Chapter 3

THERE is a convenience in dividing the Beaumont and Fletcher plays into comedies, tragicomedies and tragedies, but there is often only a thin line of distinction between the genres. In Chapter I we noticed how A King and No King could have become a 'tragedy' if the authors had wished merely to give full exploitation to the theme of incest, bringing their revelation to bear only a little later in the sequence of events. And it is often difficult to decide whether a Fletcher play should be called a comedy or a tragicomedy. In the seventeenth-century Quartos and Folios the nomenclature is unreliable: The False One, which presents the meeting and relationship of Cleopatra and Julius Caesar, is called a tragedy, yet all the main characters find in it a satisfactory ending; some manifest tragicomedies are called simply comedies. Of course, these terms were loosely used in the seventeenth century generally, but it must be recognised that for Fletcher it is not always easy to apply any principles of classification. He was never, as we know, over-deeply concerned in the destinies of his characters, and he gives few hints of either a personal or an inherited Weltanschauung. Rather, he is the speculator in human affairs, taking as his datum a situation that contains its own dynamic principle, letting it develop amusingly, or fatally, or unhappily but to an ultimate good fortune, according to the special properties of the situation and the persons involved. Sometimes, too, he uses double plots, one tragicomic, the other comic. Of the five plays I shall be making some detailed reference to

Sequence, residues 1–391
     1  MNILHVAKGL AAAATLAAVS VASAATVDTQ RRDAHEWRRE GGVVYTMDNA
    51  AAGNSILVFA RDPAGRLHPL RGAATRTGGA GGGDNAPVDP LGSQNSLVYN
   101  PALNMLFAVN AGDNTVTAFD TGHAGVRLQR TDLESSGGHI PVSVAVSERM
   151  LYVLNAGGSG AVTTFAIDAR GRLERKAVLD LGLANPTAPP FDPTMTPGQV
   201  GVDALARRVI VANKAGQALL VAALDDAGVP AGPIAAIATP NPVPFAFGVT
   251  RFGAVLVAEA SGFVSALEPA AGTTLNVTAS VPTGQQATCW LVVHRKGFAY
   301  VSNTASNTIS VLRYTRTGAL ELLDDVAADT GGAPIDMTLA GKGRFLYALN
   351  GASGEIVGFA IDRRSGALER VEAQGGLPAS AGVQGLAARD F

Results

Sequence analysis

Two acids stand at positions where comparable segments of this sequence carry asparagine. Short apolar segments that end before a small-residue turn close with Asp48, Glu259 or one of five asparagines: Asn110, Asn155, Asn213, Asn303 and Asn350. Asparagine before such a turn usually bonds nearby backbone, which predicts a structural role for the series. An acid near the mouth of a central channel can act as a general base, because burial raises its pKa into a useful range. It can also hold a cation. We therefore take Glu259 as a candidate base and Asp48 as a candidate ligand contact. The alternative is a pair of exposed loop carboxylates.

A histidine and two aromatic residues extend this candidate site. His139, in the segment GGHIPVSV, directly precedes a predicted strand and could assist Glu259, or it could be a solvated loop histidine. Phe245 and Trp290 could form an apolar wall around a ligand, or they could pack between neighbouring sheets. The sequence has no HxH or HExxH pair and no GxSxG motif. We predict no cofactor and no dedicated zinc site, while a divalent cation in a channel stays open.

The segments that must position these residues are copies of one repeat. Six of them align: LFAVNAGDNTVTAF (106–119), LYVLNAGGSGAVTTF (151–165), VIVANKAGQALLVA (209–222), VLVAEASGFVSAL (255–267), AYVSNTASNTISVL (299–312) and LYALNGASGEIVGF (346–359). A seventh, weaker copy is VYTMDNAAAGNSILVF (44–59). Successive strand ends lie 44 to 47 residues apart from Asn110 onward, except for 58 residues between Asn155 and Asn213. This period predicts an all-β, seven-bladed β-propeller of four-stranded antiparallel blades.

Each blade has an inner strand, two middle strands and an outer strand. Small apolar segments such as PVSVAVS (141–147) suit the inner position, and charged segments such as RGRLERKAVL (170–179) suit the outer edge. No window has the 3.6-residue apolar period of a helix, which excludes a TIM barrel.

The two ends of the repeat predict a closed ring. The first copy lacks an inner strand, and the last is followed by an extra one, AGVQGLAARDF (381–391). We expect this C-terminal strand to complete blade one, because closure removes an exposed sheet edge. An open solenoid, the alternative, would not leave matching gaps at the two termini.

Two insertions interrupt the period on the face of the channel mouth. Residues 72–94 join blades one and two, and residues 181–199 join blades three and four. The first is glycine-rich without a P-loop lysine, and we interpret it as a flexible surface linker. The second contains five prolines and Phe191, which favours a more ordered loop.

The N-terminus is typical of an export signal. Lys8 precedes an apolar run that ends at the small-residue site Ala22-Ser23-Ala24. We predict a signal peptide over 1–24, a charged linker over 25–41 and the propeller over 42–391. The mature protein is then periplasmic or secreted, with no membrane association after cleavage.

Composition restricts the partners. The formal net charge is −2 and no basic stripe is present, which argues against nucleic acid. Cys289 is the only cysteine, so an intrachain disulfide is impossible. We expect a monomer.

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The John Fletcher Plays


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